Side Two kicks off with a triple-dose of R-rated Funk! Lyrically, this trio of numbers seems to chart the course of a steamy one-night stand. First, Bobby hyperventilates over "Heidi," who sure ain't no vestal virgin: Bobby (nearly) talks dirty in bed to her, and even offers her a cigarette after the moaning stops! Then, he wonders how he can get out of "This Thing I've Gotten Into" (he looks for his guitar, but keeps finding her pantyhose instead)! He ends up getting into an argument with the girl, and deciding that this tryst is "A Little On the Heavy Side" . . . and after such shameful debauchery, what can a poor boy do but rush back to church and sing the hymn-like "Brighten Your Flame"? The haunting background music is provided by Jeff Barry on keyboards, who convincingly impersonates a Vatican cathedral organist. Not bad for a Hungarian Jew from Brooklyn!

Then there's "Give 'Em A Hand," a half-affectionate, half-sarcastic glimpse at a mediocre Rock band's struggle for attention. I personally feel this is the weakest track on the album, but I guess I'm in the minority; Polydor Records culled "Hand" for single release in several foreign territories. Naturally, the album closes with Bobby's signature hit, "Montego Bay," that rollicking, tuba-driven dose of sheer Jamaican fun. In the closing months of 1970, you heard it blasting out of every portable radio. The L & R single fades out rather abruptly, but this LP version ends with a spontaneous a cappella snippet of Rodgers and Hammerstein's "Oh, What A Beautiful Morning" from the musical Oklahoma! You wouldn't usually describe a Rock 'n' Roll number as charming, but really, there's no better description for this tune. "Montego Bay" has certainly charmed countless Reggae bands over the years!

Sadly, Bobby Bloom wouldn't get much more of a chance to show off his exceptional talent. During an argument with another man (over a woman, according to Jeff), he was shot to death in February of 1974. The Bobby Bloom Album is a worthy memorial to him, and essential listening! The same goes for most of the non-album singles Jeff produced for him, especially the Funk-fueled "We Need Each Other" and "Until They Say Mercy", the Disco-flavored "Island", and the eerily prescient "We're All Goin' Home", his final chart record. One of those single sides, "I Really Got It Bad For You," became Bobby's last hit song when The Persuasions waxed it a few months after his demise.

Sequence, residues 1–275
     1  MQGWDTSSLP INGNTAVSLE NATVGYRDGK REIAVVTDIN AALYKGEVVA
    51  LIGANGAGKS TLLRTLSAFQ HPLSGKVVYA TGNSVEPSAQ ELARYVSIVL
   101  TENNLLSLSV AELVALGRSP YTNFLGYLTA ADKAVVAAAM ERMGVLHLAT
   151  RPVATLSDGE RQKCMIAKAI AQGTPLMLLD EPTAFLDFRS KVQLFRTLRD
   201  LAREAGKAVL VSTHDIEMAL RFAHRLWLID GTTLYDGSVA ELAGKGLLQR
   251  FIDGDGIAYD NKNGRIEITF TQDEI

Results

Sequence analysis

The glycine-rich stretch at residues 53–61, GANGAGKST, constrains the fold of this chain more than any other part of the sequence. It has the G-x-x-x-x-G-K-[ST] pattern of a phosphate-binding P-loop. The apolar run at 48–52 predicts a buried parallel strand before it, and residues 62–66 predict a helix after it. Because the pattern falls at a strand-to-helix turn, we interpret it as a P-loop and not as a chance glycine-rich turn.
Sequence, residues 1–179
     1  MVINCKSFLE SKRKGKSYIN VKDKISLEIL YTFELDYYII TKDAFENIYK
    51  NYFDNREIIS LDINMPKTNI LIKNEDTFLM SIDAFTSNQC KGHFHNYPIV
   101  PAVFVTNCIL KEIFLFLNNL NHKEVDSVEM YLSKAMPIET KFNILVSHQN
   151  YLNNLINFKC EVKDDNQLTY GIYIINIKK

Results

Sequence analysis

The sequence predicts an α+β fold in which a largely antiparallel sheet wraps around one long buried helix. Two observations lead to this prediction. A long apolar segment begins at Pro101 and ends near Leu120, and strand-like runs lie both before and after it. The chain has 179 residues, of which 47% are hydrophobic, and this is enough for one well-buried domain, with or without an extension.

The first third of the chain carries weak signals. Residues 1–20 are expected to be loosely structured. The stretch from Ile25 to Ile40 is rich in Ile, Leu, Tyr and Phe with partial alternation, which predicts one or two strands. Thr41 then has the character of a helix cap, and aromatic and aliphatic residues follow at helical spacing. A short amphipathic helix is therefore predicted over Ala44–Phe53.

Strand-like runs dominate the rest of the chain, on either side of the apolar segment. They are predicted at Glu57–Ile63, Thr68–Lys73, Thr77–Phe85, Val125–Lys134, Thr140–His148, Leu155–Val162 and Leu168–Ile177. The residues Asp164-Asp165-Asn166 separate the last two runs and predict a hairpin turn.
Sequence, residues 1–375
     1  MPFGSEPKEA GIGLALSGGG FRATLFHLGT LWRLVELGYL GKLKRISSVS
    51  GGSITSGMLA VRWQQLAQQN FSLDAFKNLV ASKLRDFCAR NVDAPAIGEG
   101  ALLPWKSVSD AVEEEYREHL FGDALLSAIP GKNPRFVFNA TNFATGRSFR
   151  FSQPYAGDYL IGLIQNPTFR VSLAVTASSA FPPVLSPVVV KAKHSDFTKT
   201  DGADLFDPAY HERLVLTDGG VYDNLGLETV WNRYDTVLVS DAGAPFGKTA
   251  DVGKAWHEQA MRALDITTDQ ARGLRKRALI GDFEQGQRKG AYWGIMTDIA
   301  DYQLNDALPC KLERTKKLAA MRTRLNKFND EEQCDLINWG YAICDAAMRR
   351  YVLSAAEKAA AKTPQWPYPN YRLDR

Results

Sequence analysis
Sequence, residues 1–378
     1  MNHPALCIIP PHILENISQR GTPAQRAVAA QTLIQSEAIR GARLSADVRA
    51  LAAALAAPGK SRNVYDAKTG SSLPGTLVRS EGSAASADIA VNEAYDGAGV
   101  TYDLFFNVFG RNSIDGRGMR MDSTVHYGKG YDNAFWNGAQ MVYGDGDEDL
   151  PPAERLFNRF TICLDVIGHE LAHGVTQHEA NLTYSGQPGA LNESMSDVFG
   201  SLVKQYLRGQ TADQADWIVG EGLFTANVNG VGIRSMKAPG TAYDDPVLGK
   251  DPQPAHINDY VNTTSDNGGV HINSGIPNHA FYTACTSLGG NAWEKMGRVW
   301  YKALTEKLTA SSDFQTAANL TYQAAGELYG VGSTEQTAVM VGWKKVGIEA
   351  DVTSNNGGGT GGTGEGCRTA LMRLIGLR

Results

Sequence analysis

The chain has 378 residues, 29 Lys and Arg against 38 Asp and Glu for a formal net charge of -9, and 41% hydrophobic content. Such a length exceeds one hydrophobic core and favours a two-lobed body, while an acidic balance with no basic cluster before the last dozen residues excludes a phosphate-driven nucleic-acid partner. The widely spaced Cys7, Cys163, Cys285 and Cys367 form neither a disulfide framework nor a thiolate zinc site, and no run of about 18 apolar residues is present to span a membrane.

Jeff Barry: "Hey, it's been a great session, everybody. Ellie, Jeannie and Leslie, come back tomorrow night and we’ll do some overdubs.

Jeff Barry and Ellie Greenwich

ELLIE GREENWICH and JEFF BARRY
bust a move in the recording studio

Happy Father’s Day 2010 to Jeff Barry
from the Pop Culture Cantina staff and all of his fans
and friends!

4 comments:

Jerry1234 said...

My husband is the lead singer, arranger and producer of The Persuasions. ( Jerry Lawson) He loved those Bobby Bloom songs. He recorded "Until They Say Mercy", the "Island","We're All Goin' Home", and "I Really Got It Bad For You," all on the same album that Jeff produced with The Persuasions. Jerry had no idea about Bobby Bloom until reading your blog.

Persuasions fans were devastated to hear the guys with instruments so back to Preserving The Art of
A Cappella.

And now 4 decades later Jerry has left The Persuasions and has a new A Cappella group."Jerry Lawson & Talk of The Town" And together we have self produced the A Cappella masterpiece of Jerry's career which can be purchased at Jerry's website: www.jerrylawson.biz

God Bless,

Julie Lawson
mail@jerrylawson.biz

DON CHARLES aka "STUFFED ANIMAL" said...

Hi Julie,

Your husband is an excellent singer! I have the A & M albums that feature him singing the Barry-Bloom songs, and they're all wonderful. The Persuasions' version of "We're All Goin' Home" is better than the one Bobby Bloom did. However, Jerry Lawson doesn't sing lead on "I Really Got It Bad For You". Do you know who did?

I've often heard how outraged Persuasions fans were to hear the group recorded with instruments. When Jeff Barry added orchestration on some tracks, he didn't compromise their talent one bit! Who in their right mind would've preferred that The Persuasions record "Somewhere To Lay My Head" without the swingin' rhythm section? That track is a masterpiece. And nobody remembers that Jeff produced several exceptional a capella tracks with The Persuasions, like "Touch The Hem Of His Garment". I think it's a shame when fans try to lock singers into a stylistic box. Your husband can sing up a storm, with or without instrumentation, and God forbid he not have the option of doing both!

Jerry1234 said...

Jerry says "thank you" and that it was his childhood friend Willie Daniels who sang lead on "I Really Got It Bad For You" Willie stayed with the Persuasions just a few years and then fell in love. His new partner didn't want him to be on the road so he left the group. What an amazing talent!

By the way NBC has picked up "Sing Off" for a second season which will air this coming Fall. It's an A Cappella version of "American Idol" We hope you'll check it out and if Jerry is on there please vote for him!

In Harmony,
J&J